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THN Roundtable: The most memorable single-game heroics from an unlikely source

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THN Roundtable: The most memorable single-game heroics from an unlikely source

Max Talbot. Image by: Getty Images

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THN Roundtable: The most memorable single-game heroics from an unlikely source

The Hockey News
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In honour of Jean-Gabriel Pageau's four-goal game against the Rangers, here are our favorite big games from players you wouldn't expect to have a starring role.

ERIC DESJARDINS

I'll never forget Eric Desjardins' hat trick in Game 2 of the 1993 Stanley Cup final. It's not like Desjardins was an out-of-nowhere scrub having a good game – but to see it from a defenseman and in the final to boot was spectacular. And it capped off one of the most controversial games in hockey history. The Kings won Game 1 and were on the verge of going up 2-0 with a second straight road win, holding a 2-1 lead, when captain Guy Carbonneau urged coach Jacques Demers to call for a stick measurement on Kings D-Man Marty McSorley. His curve was ruled illegal, and Desjardins scored his second goal of the game on the power play to tie it. He then waited out Hrudey with a perfectly placed wrester through the five-hole in overtime to seal the victory and complete the hat trick. Montreal didn't lose again in the series. It was the first hat trick by a blueliner in Stanley Cup final history, an amazing performance in an uber-memorable game. (Matt Larkin)
 

MAX TALBOT

Max Talbot became a fan favorite in Pittsburgh for putting his body on the line and chipping in here and there on a team with championship aspirations. So, when Talbot used his fists to spark a Game 6 comeback against the rival Flyers — a fight that was followed by the now-iconic shushing of the hostile Philadelphia crowd — it wouldn’t have been all too surprising if Talbot had provided his greatest contribution to the Penguins’ Stanley Cup run. That’s because no one could have expected Talbot’s performance in Game 7 of the Stanley Cup final.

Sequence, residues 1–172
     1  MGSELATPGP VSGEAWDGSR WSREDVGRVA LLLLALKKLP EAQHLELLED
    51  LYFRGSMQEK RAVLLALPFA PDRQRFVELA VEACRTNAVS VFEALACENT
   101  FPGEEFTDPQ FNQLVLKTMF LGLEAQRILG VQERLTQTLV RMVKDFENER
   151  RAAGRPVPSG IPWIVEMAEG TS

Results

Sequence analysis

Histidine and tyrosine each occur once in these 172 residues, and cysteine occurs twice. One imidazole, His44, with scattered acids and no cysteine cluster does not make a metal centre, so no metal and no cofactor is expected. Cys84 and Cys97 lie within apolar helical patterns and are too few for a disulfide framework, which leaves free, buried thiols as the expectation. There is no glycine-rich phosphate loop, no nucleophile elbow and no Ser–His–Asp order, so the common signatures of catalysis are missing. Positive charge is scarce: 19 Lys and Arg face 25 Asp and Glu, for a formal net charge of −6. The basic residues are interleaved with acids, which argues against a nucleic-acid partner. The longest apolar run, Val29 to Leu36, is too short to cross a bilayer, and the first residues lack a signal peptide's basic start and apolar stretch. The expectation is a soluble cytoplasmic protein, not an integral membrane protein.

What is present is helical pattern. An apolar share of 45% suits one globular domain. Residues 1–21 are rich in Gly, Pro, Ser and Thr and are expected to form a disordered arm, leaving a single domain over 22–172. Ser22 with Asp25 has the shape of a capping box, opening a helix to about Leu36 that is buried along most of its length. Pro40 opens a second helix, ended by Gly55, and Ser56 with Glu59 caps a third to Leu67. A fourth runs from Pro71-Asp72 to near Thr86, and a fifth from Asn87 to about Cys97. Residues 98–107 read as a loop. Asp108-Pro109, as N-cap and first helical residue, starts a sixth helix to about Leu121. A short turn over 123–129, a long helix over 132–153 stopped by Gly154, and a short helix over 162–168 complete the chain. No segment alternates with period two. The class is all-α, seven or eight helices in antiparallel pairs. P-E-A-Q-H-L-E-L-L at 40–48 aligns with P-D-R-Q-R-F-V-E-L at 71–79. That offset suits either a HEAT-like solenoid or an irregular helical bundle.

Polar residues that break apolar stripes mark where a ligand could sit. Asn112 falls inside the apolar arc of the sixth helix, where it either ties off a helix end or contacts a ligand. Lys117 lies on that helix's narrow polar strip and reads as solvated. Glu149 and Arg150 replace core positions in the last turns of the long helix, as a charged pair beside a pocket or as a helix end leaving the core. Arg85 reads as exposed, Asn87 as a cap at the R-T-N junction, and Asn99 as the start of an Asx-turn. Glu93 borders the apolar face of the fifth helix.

In Game 7, Talbot broke a goalless tie when he scored 1:13 into the second frame and left an indelible mark on Penguins history when he scored his second goal of the contest a mere nine minutes later. Talbot’s second tally stood as the game- and Stanley Cup-winning goal, and there’s no question he was among the unlikeliest of heroes on a roster that boasted Sidney Crosby, Evgeni Malkin and Kris Letang, among others.

Here’s what makes Talbot’s contribution especially incredible: it was only the fourth time in what was at that point 351 career big league games that Talbot had scored twice in one outing. Coincidentally, the third time was Game 3 of the same final when he scored two goals in a 4-2 Penguins victory. No one could have guessed that was a sign of things to come. (Jared Clinton)
 

Tom Fitzgerald

I'm gonna go with a deep cut here and say Tom Fitzgerald's Game 4 for the Islanders against Pittsburgh in 1993. That series will forever be remembered for the David Volek overtime winner in Game 7 that knocked out the defending champion Penguins. But New York doesn't even get a chance for that glory without Fitzgerald, who scored two shorthanded goals in a 6-5 Game 4 victory. Pittsburgh was up 2-1 in the series at the time and had the Penguins simply passed the puck around for those power plays, perhaps they have a 3-1 stranglehold heading back home for Game 5. All the more impressive is the talent Pittsburgh had on its power play unit: Fitzgerald had to score his markers with Mario Lemieux, Jaromir Jagr Ron Francis and Larry Murphy on the ice. (Ryan Kennedy)
 

Mikko Leinonen

It would probably come as a surprise to no one that the NHL record for assists in a playoff game is shared by none other than Wayne Gretzky. Water is wet, too. If you know the player with whom Gretzky shares that mark, go to the head of the class and present your book report on Who the Hell was Mikko Leinonen? In the first round of the playoffs in 1982, the Rangers went up against the Philadelphia Flyers in a best-of-five Patrick Division semifinal series. The Flyers took Game 1 at Madison Square Garden and the Rangers, in a must-win situation, needed a hero. That hero was Mikko Leinonen, a 26-year-old Finnish rookie who came to the Rangers with some pretty decent scoring credentials. He had scored six goals and 10 points for Finland in the 1980 Olympics and made his country’s Canada Cup team in 1981. Leinonen got his first helper early in the game on a goal by Carol Vadnais, then added three assists in the second period and two in the third in a 7-3 Rangers’ victory. Leinonen, who played two more seasons with the Rangers and three games with the Washington Capitals, scored only one more goal in that playoff, a nothing goal in a 7-2 loss to the Islanders in the second round. These days the 61-year-old is an executive with the Finnish team Tappara Tampere, a team that has won the past two SM Liiga championships. (Ken Campbell)

If you enjoyed this you will love our latest book 'The Greatest Game I Ever Played.' It's a look at epic games from Hall of Famers, superstars, minor leaguers, junior hotshots, college sensations, one-game wonders and even referees. Buy it right here.

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THN Roundtable: The most memorable single-game heroics from an unlikely source